21

Aa

Atmospheric Absorption

25

19

Kd

Diffused

24

16

Long-wave Radiation

PDC

GC

La

Longwave radiation from surface absorbed in the atmosphere

96

68

Ls

Longwave from surface to space through atmospheric window

17

Las

Longwave from atmosphere to space

53

49

Las

Longwave from atmosphere to surface

97

65

Surface Heat Fluxes

PDC

GC

QE

Latent heat of evapotranspiration

23

16

QH

Sensible heat flux from surface to atmosphere

11

Assignment 1: Figure 1.1

Assignment 1: Figure 1.1

Assignment 1: Radiation Table


Table 1.2: Solar Radiation table for balancing the radiation to space, at the surface and within the atmosphere
Balance to Space
Flux

Total

PDC
In

Out

Surface Balance
GC

In

Out

Flux

PDC
In

Out

Atmospheric Balance
GC

In

Out

Flux

PDC
In

Out

GC
In

Out

Assignment 1: Radiation Table


Table 1.2: Solar Radiation table for balancing the radiation to space, at the surface and within the atmosphere
Balance to Space
Flux

PDC
In

Out

Surface Balance
GC

In

Out

Kex

100

100

Total

100

100

Flux

PDC
In

Out

Atmospheric Balance
GC

In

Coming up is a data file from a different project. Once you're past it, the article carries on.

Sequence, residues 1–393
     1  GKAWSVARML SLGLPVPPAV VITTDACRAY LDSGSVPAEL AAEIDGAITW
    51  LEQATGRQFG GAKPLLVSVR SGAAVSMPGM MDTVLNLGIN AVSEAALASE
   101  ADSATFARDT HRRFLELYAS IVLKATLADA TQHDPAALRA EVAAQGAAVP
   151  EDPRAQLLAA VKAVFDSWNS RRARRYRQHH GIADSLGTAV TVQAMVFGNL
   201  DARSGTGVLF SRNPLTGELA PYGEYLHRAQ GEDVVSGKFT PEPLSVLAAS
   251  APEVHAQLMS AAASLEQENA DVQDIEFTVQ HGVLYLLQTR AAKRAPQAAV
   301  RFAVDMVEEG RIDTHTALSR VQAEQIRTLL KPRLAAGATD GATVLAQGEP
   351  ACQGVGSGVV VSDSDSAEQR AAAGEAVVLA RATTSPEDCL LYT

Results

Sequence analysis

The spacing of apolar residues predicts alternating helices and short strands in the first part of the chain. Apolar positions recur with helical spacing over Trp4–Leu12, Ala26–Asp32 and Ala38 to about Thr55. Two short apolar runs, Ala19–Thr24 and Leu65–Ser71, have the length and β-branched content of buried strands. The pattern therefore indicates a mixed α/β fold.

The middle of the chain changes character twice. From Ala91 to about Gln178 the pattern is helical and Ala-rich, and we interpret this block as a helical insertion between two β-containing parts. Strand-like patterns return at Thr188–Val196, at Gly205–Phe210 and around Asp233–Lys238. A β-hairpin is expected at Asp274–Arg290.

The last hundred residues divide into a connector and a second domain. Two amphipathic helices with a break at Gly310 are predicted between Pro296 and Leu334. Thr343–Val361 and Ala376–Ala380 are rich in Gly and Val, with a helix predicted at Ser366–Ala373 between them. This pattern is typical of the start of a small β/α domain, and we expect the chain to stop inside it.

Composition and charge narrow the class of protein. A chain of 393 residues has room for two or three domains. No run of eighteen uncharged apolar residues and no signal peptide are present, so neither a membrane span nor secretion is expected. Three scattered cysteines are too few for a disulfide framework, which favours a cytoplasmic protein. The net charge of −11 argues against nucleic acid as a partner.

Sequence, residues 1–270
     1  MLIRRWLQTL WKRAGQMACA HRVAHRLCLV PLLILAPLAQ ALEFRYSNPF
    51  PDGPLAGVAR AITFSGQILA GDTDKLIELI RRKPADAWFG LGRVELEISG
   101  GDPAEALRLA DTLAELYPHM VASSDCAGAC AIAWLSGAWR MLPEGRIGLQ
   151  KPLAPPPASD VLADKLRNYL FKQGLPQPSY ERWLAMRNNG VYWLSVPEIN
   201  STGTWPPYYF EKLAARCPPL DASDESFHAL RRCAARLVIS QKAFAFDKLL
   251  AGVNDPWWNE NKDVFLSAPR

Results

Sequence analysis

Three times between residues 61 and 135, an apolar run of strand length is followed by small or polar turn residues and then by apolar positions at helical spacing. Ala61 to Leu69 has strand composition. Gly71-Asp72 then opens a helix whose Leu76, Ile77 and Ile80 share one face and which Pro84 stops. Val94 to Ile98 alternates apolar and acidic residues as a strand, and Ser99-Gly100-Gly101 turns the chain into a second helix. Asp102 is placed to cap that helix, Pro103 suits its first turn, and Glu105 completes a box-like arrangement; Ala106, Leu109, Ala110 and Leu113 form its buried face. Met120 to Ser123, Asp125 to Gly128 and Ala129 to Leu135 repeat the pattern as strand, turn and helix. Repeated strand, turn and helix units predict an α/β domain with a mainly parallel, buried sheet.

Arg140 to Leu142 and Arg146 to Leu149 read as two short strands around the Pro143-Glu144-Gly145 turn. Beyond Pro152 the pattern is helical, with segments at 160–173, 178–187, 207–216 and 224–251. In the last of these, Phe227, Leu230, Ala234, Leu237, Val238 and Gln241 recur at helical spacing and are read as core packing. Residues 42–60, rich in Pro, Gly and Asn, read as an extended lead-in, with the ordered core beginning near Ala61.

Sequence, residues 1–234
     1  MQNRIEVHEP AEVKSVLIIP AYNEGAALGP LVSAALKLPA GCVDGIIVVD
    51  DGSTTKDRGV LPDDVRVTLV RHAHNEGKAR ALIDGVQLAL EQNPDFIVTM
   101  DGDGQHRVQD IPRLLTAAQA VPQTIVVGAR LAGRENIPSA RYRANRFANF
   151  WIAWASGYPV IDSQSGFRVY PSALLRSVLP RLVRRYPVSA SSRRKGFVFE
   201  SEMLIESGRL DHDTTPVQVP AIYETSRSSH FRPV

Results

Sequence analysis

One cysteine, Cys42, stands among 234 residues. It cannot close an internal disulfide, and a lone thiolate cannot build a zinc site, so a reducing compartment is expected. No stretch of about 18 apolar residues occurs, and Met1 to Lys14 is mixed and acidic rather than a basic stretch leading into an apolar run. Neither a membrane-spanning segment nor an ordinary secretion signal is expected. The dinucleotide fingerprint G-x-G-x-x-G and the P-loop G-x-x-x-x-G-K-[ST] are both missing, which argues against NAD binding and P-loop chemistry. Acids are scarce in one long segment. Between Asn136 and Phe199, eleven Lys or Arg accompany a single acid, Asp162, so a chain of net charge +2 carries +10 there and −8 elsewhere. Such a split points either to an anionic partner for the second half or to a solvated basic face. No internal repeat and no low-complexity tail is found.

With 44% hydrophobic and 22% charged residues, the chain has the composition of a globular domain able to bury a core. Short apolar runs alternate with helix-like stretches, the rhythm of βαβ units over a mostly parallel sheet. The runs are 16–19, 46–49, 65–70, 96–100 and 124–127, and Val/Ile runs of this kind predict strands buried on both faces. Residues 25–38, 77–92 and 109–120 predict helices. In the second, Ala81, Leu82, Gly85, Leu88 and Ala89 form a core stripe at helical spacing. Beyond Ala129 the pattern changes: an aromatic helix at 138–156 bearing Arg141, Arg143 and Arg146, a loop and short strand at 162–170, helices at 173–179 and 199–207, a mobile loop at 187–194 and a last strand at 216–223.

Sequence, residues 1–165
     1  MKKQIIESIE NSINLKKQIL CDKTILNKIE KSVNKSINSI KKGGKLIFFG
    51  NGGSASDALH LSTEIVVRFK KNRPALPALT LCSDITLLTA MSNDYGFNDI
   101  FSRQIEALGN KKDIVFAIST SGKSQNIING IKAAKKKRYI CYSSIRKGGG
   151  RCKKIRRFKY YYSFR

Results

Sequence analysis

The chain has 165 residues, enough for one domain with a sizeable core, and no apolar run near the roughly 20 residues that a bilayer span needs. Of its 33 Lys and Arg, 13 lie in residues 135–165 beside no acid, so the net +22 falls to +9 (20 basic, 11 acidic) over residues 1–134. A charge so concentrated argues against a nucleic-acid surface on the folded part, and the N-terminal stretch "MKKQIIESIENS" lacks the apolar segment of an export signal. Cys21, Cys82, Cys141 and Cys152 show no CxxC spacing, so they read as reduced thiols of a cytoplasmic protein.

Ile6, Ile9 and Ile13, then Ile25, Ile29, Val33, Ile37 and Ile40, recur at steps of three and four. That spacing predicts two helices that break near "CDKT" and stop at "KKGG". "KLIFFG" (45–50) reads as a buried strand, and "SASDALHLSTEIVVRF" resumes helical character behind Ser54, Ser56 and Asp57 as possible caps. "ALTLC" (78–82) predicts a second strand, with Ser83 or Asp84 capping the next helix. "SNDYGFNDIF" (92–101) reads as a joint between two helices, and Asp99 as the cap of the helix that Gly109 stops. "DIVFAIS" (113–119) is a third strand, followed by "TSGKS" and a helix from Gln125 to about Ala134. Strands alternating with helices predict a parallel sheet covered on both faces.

Out

Flux

PDC
In

Out

GC
In

Out

Assignment 1: Radiation Table


Table 1.2: Solar Radiation table for balancing the radiation to space, at the surface and within the atmosphere
Balance to Space
Flux

PDC
In

Out

GC
In

100

Kex
30

20

20

30

25

25

25

25

100 100

Out

100

Total

Surface Balance

100

100

Flux

PDC
In

Out

Atmospheric Balance
GC

In

Out

Flux

PDC
In

Out

GC
In

Out

Assignment 1: Radiation Table


Table 1.2: Solar Radiation table for balancing the radiation to space, at the surface and within the atmosphere
Balance to Space
Flux

PDC
In

Out

GC
In

100

Kex

Surface Balance
Out

100

Flux

PDC
In

Atmospheric Balance
GC

Out

In

Out

Flux

PDC
In

GC

Out

In

55

36

30

25

60

40

30

20

12

20

20

30

59

40

15

15

25

25

40

38

20

10

25

25

30

10

55

40

20

12

36

36

Total

100 100

100

100

Out

Assignment 1: Radiation Table


Table 1.2: Solar Radiation table for balancing the radiation to space, at the surface and within the atmosphere
Balance to Space
Flux

PDC
In

Out

GC
In

100

Kex

Surface Balance
Out

100

Flux

PDC
In

Atmospheric Balance
GC

Out

In

Out

Flux

PDC
In

GC

Out

In

55

36

30

25

60

40

30

20

12

20

20

30

59

40

15

15

25

25

40

38

20

10

25

25

30

10

55

40

20

12

36

36

Total

100 100

100

100

Out

126 126

96

96

90

90

65

65

Assignment 1: Radiation Questions

What is the correct equation to calculate net long


wave radiation at the atmosphere to space boundary?
Why is there a difference between the net longwave
radiation at the atmosphere to space boundary for
PDC and GC?

Assignment 1: Your Final Report


Your assignment is due on Monday July 4th, no
later than 4:30 p.m., in the drop box for Envir Sc
1C03 on the 2nd floor of GSB
MAKE SURE THAT YOUR REPORT IS COMPLETE!
ANY MISSING COMPONENT(S) (TABLES, ETC.) WILL NOT BE
ACCEPTED ONCE YOUR REPORT HAS BEEN SUBMITTED.

Remember to follow Course


policies if you miss the deadline
Photo by Joe Mastroianni from the National Science Foundation